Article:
- The majority of industry sales are made to a few, large-volume buyers. Low-cost providers are in the best position among sellers in bargaining with high-volume buyers because they are able to beat rivals’ pricing to land a high-volume sale while maintaining an acceptable profit margin.
- Industry newcomers use introductory low prices to attract buyers and build a customer base. The low-cost leader can use price cuts of its own to make it harder for a new rival to win customers.
As a rule, the more price-sensitive buyers are, the more appealing a low-cost strategy becomes. A low-cost company’s ability to set the industry’s price floor and still earn a profit erects protective barriers around its market position.
Pitfalls to Avoid in Pursuing a Low-Cost Provider Strategy
Perhaps the biggest pitfall of a low-cost provider strategy is getting carried away with overly aggressive price cutting and ending up with lower, rather than higher, profitability. A low-cost / low-price advantage results in superior profitability only if (1) prices are cut by less than the size of the cost advantage or (2) the added volume is large enough to bring in a bigger total profit despite lower margins per unit sold. Thus, a company with a 5 percent cost advantage cannot cut prices 20 percent, end up with a volume gain of only 10 percent, and still expect to earn higher profits!
A second big pitfall is relying on an approach to reduce costs that can be easily copied by rivals. The value of a cost advantage depends on its sustainability. Sustainability, in turn, hinges on whether the company achieves its cost advantage in ways difficult for rivals to replicate or match. If rivals find it relatively easy or inexpensive to imitate the leader’s low-cost methods, then the leader’s advantage will be too short-lived to yield a valuable edge in the marketplace.
A third pitfall is becoming too fixated on cost reduction. Low costs cannot be pursued so zealously that a firm’s offering ends up being too features-poor to gain the interest of buyers. Furthermore, a company driving hard to push its costs down has to guard against misreading or ignoring increased buyer preferences for added features or declining buyer price sensitivity. Even if these mistakes are avoided, a low-cost competitive approach still carries risk. Cost-saving technological breakthroughs or process improvements by rival firms can nullify a low-cost leader’s hard-won position.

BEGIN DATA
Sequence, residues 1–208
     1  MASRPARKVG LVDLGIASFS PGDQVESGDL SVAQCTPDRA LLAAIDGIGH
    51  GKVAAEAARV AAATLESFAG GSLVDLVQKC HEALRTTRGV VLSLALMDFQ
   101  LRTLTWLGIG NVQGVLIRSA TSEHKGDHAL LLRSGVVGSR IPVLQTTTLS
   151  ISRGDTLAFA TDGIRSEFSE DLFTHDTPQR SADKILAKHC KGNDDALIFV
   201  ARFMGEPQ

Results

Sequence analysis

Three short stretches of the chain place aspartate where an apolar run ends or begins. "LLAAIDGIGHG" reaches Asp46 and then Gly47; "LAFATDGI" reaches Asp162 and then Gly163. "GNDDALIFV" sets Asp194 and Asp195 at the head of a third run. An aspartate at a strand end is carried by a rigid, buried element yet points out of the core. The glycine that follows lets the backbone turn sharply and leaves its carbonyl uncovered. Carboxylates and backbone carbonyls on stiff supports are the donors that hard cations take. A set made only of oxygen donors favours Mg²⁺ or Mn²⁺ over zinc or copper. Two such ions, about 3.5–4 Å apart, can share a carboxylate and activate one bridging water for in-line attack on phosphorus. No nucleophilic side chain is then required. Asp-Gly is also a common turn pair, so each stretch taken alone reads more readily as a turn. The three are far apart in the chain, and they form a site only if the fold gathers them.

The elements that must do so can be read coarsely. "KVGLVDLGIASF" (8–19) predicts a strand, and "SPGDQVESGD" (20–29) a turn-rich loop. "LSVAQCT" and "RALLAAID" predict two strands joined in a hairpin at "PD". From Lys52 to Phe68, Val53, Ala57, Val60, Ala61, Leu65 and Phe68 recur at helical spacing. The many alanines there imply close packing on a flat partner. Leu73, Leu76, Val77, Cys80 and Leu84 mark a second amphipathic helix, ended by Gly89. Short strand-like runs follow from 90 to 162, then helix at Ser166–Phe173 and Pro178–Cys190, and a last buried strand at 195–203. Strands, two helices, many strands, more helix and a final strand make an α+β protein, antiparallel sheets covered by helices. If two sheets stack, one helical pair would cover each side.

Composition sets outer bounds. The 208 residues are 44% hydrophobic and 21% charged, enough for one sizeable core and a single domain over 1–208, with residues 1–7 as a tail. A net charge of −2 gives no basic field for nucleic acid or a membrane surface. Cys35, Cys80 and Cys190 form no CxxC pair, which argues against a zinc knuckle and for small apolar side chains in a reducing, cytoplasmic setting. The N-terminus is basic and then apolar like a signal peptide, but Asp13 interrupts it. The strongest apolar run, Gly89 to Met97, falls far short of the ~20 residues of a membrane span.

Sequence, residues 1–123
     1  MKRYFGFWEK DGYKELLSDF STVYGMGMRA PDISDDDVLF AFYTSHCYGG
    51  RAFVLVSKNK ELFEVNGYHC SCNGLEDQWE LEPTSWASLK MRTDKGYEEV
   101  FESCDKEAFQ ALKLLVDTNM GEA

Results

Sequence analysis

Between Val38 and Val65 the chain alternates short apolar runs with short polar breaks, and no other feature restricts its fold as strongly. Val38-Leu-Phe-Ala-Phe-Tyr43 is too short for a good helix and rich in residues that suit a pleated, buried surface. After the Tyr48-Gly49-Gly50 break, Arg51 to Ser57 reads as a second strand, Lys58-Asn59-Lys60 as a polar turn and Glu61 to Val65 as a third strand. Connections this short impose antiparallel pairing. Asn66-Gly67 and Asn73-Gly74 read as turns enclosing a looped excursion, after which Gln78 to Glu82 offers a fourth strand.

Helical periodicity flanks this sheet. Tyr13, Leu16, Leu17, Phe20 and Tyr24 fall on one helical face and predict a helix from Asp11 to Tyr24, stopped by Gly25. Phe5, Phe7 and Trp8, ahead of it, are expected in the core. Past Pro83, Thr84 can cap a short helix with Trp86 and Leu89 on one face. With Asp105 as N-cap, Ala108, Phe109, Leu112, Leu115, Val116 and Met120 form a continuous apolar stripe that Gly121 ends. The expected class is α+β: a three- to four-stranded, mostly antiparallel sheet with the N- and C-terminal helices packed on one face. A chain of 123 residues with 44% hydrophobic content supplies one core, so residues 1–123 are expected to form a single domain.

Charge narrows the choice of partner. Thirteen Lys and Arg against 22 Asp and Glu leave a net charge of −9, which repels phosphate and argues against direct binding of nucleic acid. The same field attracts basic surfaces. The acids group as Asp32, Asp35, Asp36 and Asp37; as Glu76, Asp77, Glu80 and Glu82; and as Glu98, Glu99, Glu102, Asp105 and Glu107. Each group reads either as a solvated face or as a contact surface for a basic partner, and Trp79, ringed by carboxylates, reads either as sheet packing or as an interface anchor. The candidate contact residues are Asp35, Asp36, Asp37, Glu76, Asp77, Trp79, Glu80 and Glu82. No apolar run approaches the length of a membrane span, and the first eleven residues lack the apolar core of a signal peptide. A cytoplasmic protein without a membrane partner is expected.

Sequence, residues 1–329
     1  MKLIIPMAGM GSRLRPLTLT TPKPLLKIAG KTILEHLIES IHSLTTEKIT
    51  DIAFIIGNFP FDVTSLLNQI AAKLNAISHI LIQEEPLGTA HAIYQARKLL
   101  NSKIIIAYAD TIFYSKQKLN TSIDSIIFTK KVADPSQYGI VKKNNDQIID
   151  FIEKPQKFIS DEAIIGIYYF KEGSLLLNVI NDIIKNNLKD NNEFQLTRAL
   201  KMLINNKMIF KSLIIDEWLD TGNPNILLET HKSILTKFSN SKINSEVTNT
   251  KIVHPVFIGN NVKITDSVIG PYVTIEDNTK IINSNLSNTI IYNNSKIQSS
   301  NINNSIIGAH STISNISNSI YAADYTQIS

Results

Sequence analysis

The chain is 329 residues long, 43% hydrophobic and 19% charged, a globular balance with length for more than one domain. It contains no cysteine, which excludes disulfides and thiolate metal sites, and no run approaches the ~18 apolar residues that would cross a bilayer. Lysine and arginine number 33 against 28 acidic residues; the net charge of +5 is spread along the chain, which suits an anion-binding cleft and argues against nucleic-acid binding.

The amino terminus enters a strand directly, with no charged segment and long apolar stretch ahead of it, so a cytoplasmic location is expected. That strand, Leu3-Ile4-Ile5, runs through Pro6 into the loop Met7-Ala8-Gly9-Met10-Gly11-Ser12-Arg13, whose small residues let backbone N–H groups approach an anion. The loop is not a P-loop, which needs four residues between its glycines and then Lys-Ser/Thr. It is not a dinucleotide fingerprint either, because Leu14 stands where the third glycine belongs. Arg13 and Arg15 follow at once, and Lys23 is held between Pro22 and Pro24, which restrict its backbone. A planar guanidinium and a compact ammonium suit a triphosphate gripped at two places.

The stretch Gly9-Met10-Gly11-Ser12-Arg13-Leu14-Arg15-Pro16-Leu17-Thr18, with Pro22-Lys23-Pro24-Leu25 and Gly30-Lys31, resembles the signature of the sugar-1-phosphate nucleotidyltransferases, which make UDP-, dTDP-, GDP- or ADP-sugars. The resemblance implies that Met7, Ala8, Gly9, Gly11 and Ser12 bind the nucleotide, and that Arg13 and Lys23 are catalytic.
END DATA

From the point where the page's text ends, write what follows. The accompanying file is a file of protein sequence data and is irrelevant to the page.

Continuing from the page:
When a Differentiation Strategy Works Best
Differentiation strategies tend to work best in market circumstances where:
- Buyer needs and uses of the product are diverse. Diverse buyer preferences allow industry rivals to set themselves apart with product attributes that appeal to particular buyers. For instance, the diversity of consumer preferences for menu selection, ambience, pricing, and customer service gives restaurants exceptionally wide latitude in creating differentiated concepts. Other industries offering opportunities for differentiation based upon diverse buyer needs and uses include magazine publishing, automobile manufacturing, footwear, kitchen appliances, and computers.
- There are many ways to differentiate the product or service that have value to buyers. Industries that allow competitors to add features to product attributes are well suited for differentiation strategies. For example, hotel chains can differentiate on such features as location, size of room, range of guest services, in-hotel dining, and the quality and luxuriousness of bedding and furnishings. Similarly, cosmetics producers are able to differentiate based upon prestige and image, formulations that fight the signs of aging, UV light protection, exclusivity of retail locations, the inclusion of antioxidants and natural ingredients, or prohibitions against animal testing.
- Few rival firms are following a similar differentiation approach. The best differentiation approaches involve trying to appeal to buyers on the basis of attributes that rivals are not emphasizing. A differentiator encounters less head-to-head rivalry when it goes its own separate way to create uniqueness and does not try to out-differentiate rivals on the very same attributes. When many rivals are all claiming “ours tastes better than theirs” or “ours gets your clothes cleaner than theirs,” competitors tend to end up chasing the same buyers with very similar product offerings.